A few years ago, nearly 65 percent of small businesses in America offered health insurance to their employees. Estimates now put that number under 50 percent.
But Ohio has no such programs in place.
In the vast number of cases, it's not that the business owner doesn't want to provide health insurance - it's simply that they can't afford the mounting costs, according to State Rep. Randy Gardner, R-Bowling Green.
"With the national debate in Washington, small business health insurance affordability should be a top priority," Gardner said. "This is the one aspect of health care reform that holds the greatest promise for bipartisanship and success."
So the state legislator has sponsored a bill creating the Small Business Health Care Affordability Task Force. The group would study whether tax incentives would help encourage small businesses to offer and maintain health insurance coverage for employees, and if wellness programs and disease prevention could be enhanced with state incentives. The task force would consist of six state legislators and five members representing small business employers and employees.
Currently, 10 other states have tax policies that help with health programs. Those are Colorado, Georgia, Kansas, Louisiana, Maine, Missouri, Montana, North Carolina, Oklahoma and South Carolina.
"Small businesses are creating more than 80 percent of the new jobs, and the rising cost of health insurance is a significant burden for many small businesses," Gardner said. "It only makes sense that we can help small businesses be more competitive for jobs and make health insurance coverage more affordable with one targeted policy."
The discussion on health care is nothing new.
"Health care and health care affordability is a growing major issue in Ohio and across the country," he said. "Yet nothing gets done."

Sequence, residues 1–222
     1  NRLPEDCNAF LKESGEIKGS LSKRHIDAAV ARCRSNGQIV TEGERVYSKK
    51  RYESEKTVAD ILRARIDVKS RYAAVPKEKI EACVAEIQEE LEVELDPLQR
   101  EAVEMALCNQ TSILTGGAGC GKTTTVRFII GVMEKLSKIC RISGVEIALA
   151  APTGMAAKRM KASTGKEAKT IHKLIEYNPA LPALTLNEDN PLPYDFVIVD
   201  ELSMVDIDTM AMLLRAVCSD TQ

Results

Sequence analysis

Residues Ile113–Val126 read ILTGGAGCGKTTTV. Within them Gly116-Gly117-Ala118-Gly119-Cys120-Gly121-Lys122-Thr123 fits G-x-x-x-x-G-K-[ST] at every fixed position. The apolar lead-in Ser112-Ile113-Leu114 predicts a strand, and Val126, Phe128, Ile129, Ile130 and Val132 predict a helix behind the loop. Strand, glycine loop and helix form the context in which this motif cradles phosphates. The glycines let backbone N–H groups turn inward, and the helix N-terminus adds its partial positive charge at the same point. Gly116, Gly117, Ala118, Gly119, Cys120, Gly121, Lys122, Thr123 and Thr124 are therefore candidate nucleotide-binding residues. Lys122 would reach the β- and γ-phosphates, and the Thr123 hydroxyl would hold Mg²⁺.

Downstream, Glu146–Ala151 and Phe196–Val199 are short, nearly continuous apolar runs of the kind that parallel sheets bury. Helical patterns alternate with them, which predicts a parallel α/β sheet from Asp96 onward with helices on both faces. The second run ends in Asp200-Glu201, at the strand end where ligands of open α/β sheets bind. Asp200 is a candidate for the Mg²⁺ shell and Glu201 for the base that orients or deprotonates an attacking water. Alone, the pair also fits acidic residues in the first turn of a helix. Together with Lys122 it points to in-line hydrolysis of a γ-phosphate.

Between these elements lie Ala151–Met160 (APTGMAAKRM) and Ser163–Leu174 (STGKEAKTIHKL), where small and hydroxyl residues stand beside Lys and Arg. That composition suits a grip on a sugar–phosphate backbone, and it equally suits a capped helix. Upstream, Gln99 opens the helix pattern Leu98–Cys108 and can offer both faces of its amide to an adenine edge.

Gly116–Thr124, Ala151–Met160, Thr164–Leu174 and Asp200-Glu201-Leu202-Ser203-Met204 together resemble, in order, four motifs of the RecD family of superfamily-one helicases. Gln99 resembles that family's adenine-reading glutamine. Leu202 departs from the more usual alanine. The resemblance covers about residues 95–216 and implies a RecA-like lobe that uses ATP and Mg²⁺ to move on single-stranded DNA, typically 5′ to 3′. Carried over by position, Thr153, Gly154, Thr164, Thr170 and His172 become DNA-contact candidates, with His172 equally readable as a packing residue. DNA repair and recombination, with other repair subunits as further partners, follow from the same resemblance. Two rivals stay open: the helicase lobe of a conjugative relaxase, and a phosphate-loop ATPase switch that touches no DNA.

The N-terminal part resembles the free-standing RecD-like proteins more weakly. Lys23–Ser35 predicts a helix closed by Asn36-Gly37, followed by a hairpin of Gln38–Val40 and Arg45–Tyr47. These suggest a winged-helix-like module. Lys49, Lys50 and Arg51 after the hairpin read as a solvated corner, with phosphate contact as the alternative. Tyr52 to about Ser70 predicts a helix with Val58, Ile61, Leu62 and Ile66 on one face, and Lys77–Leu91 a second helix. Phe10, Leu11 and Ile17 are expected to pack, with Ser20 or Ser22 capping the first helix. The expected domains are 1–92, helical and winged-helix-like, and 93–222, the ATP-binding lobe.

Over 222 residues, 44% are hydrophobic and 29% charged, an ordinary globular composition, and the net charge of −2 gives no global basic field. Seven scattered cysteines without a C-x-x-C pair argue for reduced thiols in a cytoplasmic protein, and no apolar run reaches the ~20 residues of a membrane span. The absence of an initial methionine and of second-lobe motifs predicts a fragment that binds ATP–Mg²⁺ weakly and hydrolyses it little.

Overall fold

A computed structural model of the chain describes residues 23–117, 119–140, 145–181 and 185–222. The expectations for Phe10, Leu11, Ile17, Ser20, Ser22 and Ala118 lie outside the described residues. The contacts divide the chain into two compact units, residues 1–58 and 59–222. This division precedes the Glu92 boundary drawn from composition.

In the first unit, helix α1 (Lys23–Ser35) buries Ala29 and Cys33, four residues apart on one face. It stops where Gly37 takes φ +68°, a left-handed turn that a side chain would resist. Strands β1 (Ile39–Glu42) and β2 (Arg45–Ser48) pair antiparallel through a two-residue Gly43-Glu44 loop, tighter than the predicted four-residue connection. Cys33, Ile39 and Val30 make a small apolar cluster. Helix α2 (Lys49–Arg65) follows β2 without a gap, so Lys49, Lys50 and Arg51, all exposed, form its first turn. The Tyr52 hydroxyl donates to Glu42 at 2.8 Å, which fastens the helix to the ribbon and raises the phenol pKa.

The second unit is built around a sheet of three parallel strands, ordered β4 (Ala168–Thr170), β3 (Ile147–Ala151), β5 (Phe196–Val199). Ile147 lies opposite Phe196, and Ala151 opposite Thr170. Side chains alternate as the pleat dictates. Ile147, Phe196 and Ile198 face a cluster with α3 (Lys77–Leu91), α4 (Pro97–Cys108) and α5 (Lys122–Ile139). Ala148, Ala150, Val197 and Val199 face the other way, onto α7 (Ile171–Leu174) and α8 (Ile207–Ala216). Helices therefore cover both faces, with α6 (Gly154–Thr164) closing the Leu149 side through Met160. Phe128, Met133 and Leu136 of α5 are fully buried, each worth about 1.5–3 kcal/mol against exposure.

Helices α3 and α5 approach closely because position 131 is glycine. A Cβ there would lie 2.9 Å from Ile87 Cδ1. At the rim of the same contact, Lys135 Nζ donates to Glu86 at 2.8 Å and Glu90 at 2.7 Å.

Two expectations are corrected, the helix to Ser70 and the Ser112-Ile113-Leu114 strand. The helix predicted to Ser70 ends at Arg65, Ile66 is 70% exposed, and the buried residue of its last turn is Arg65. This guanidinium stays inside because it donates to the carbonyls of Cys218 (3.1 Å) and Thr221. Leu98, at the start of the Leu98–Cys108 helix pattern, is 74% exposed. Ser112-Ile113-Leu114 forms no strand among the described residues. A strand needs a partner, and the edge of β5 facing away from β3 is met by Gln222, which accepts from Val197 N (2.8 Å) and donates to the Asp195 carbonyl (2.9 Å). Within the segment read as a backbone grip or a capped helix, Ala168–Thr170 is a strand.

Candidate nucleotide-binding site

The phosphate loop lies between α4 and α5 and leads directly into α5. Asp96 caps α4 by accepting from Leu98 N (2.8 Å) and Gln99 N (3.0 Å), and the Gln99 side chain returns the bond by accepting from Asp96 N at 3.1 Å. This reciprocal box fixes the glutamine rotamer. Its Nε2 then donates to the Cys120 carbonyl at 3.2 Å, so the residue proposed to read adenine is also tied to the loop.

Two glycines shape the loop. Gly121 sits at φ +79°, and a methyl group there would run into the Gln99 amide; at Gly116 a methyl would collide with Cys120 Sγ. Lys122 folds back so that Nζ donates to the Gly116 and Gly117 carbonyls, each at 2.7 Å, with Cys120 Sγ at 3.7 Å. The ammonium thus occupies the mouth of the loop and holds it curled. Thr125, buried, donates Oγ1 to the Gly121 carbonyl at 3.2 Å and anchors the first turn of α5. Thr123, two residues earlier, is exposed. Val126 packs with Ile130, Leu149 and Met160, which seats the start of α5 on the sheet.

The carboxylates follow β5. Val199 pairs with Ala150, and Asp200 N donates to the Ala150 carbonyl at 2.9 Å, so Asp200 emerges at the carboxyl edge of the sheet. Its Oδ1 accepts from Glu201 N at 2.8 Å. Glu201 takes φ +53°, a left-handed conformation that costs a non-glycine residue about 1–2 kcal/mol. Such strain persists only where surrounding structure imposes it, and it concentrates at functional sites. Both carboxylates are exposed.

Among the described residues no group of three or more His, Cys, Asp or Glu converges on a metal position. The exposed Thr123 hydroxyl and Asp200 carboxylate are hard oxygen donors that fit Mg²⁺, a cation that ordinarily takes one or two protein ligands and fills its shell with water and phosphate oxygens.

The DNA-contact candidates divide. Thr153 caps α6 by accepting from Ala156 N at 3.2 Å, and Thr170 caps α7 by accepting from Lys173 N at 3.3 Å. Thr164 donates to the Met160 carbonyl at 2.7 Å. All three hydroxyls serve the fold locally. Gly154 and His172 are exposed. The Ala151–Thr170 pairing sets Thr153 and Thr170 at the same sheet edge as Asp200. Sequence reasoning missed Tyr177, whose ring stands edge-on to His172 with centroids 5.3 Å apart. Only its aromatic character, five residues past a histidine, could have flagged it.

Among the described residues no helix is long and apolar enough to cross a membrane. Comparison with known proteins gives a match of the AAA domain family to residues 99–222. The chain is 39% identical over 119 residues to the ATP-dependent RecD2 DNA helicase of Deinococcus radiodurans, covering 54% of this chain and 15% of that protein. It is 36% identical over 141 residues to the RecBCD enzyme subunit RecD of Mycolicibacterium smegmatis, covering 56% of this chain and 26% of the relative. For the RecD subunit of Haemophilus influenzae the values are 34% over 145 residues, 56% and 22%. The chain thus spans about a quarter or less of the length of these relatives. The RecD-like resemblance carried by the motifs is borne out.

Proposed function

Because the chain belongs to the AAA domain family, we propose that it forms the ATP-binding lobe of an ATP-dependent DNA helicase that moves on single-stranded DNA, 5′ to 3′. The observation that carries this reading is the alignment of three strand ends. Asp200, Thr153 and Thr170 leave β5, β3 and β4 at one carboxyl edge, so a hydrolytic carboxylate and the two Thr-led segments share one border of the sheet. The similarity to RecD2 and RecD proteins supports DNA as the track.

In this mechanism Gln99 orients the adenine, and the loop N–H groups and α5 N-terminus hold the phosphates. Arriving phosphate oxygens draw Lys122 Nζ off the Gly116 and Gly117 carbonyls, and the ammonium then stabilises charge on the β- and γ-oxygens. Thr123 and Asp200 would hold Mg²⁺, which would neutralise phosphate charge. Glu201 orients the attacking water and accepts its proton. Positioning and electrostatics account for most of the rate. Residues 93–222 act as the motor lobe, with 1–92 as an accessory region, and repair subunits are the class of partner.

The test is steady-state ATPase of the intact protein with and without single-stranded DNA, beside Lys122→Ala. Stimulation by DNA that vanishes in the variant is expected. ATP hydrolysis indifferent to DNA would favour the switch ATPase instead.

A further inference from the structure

So Gardner is hoping his legislation will force a more focused debate on the issue - "instead of just complaining about the problem."
With all the discussion at the federal level about health care reform, Gardner is hearing concerns from small business owners about possible changes.
"In general, they don't expect it to be positive."
Gardner is interested in the state offering incentives rather than penalizing companies that don't provide health insurance.
"We need tax incentives for small businesses, not penalties," he said. "Most small businesses want to offer health insurance." After all, they can usually attract better employees if they offer the benefit. But some are concerned they will not be able to stay in business if forced to offer insurance - and that is at odds with what America needs now, Gardner said.
"Most elected officials are talking about more jobs, not less," he said.
Carrie Haughawout, of the Ohio Chamber of Commerce, said business owners will welcome efforts to set up a task force.
"Small businesses are struggling every day trying to afford health care," she said. "Anything we can do as a state or a country to help them afford health insurance for their employees is a good thing."
Haughawout agreed with Gardner that penalties are not the answer.
"Penalizing them is no good," she said.
A survey sponsored by the state chamber last year showed that 71 percent of small businesses offering health insurance to employees are struggling to do so, and 67 percent just can't afford it.